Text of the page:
The Savings Rate Conundrum
Interesting take from Tom McClellan on the savings rate:
“When money market funds were created in the mid-1970s, Americans were suddenly confronted with the opportunity to earn a more appropriate reward for deferring their compensation, and for instead saving their money. But curiously, Americans did not do as B.F. Skinner would have suggested they would do.
They did not increase their savings behavior in response to the greater reward for doing so. Instead, they started a long downward trend in the savings rate, saving less and less of their income even though they could earn more in real terms for doing so. And that downward trend in the savings rate just happened to coincide with a secular bull market for stock prices.
But since 2005 we are seeing the monthly savings rate data show an upward trend. This change in behavior makes complete sense. Baby Boomers are facing imminent retirement, and thus they are mounting a last-minute campaign to save up enough to live off of without eating cat food, or turning to their formerly helicoptered children for support. At the same time, the “Millennials” or “Echo-Boomers” are just now moving out of their parents’ basements, and have not yet become a major economic force. So the Echo-Boomers are not yet making up in consumption for what their parents are saving.”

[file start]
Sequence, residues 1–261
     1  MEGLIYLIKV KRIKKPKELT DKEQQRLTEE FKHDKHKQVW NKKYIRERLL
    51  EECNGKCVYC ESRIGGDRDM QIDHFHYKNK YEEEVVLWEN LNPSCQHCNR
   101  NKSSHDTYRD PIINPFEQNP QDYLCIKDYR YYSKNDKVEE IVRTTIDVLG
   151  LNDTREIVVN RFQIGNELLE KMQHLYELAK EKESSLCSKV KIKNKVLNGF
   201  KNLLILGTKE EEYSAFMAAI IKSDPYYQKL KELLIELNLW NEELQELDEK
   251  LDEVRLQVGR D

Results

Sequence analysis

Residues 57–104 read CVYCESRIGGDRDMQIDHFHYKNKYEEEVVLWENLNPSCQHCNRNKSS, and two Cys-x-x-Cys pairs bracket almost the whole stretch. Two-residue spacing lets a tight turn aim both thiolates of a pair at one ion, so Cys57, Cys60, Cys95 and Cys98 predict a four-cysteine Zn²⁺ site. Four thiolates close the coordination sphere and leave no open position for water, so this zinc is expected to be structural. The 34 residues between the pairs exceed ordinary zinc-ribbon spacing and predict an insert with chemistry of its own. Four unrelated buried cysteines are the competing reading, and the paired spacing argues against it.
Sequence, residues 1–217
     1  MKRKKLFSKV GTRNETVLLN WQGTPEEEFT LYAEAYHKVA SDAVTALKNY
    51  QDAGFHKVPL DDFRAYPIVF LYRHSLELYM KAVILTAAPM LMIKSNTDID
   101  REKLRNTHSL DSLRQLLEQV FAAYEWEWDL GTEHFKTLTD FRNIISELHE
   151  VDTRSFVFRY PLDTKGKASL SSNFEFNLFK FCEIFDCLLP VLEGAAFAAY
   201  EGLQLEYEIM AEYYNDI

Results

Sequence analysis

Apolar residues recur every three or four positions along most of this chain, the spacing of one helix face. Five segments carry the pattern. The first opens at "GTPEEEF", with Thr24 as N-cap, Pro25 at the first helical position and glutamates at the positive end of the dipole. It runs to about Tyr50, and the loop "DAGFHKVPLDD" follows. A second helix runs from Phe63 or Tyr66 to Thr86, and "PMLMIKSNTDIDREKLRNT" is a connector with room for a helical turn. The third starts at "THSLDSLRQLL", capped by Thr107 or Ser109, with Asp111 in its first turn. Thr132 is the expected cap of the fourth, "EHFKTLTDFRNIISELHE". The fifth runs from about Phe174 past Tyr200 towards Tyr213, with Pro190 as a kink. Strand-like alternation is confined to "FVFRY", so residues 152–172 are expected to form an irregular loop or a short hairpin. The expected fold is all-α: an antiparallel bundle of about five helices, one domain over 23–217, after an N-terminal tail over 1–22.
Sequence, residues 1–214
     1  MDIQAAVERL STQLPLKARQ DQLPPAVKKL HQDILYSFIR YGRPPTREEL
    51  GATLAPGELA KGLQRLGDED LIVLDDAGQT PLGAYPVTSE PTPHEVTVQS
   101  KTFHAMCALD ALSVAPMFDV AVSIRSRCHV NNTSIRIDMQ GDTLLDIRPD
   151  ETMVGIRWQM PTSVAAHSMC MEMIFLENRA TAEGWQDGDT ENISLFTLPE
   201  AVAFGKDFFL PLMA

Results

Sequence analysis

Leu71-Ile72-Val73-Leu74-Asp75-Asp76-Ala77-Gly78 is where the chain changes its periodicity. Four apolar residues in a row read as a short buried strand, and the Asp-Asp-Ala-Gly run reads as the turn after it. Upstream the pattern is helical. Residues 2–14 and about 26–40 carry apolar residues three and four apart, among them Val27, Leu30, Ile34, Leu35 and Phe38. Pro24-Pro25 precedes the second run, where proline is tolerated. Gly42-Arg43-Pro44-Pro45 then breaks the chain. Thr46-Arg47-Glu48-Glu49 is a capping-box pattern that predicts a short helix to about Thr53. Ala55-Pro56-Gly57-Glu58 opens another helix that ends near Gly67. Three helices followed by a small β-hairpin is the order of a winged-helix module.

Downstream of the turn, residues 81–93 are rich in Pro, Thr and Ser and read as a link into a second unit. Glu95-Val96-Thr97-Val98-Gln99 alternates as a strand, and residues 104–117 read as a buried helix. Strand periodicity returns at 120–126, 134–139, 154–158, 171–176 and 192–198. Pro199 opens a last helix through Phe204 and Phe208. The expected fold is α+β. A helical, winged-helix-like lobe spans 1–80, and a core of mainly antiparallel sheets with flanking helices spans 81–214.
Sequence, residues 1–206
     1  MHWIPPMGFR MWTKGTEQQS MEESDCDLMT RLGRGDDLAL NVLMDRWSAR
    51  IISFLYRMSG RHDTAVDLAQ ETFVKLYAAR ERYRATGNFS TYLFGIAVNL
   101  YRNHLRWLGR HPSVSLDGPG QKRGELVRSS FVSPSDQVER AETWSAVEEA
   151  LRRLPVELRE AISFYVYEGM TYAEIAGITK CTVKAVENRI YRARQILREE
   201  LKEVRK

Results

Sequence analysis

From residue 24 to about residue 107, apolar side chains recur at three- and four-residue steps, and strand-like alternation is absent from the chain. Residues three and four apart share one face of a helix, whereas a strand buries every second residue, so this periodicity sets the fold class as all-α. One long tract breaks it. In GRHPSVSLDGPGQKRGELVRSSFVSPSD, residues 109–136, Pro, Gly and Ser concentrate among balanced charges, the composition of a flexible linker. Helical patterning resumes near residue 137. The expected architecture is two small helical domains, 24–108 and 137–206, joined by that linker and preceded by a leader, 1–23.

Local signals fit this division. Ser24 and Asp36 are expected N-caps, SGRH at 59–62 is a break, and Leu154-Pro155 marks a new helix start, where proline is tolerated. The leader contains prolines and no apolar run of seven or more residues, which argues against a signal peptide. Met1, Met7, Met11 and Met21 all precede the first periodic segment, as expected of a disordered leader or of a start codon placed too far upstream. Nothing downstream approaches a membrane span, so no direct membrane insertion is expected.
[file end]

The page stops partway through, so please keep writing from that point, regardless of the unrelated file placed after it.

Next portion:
“One problem is that episodes of this behavior of people saving more tend to be associated with negative growth rate periods for stock prices. That’s a bummer for stock market bulls. So what you should do as a prudent bullish rat is to save your own food pellets while simultaneously encouraging your neighbors to eat all of theirs, and thus make the stock market indices rise. Good luck with that plan.”
Tom is correct in his assessment about what is currently happening with savings. However, he missed one very important component about what happened in the 80-90’s as savings fell – the rise in consumer leverage.
Savings rates didn’t fall just because consumers decided to just spend more. If that was the case economic growth rates would have been rising on a year-over-year basis. The reality, is that beginning in the 1980’s, as the economy shifted from a manufacturing to service-based economy, productivity surged which put downward pressure on wage and economic growth rates. Consumers were forced to levered up their household balance sheet to support their standard of living. In turn, higher levels of debt-service ate into their savings rate.
The problem today is not that people are not “saving more money,” they are just spending less as weak wage growth, an inability to access additional leverage, and a need to maintain debt service restricts spending. For Millennials, yes, they may be emerging from their parents basements, but they are also tasked with trying to pay-off student loan debt with a low-wage-paying service job.
It is indeed a “new economy.”
Just some things to think about.
via Zero Hedge http://ift.tt/1Vc7Q6C Tyler Durden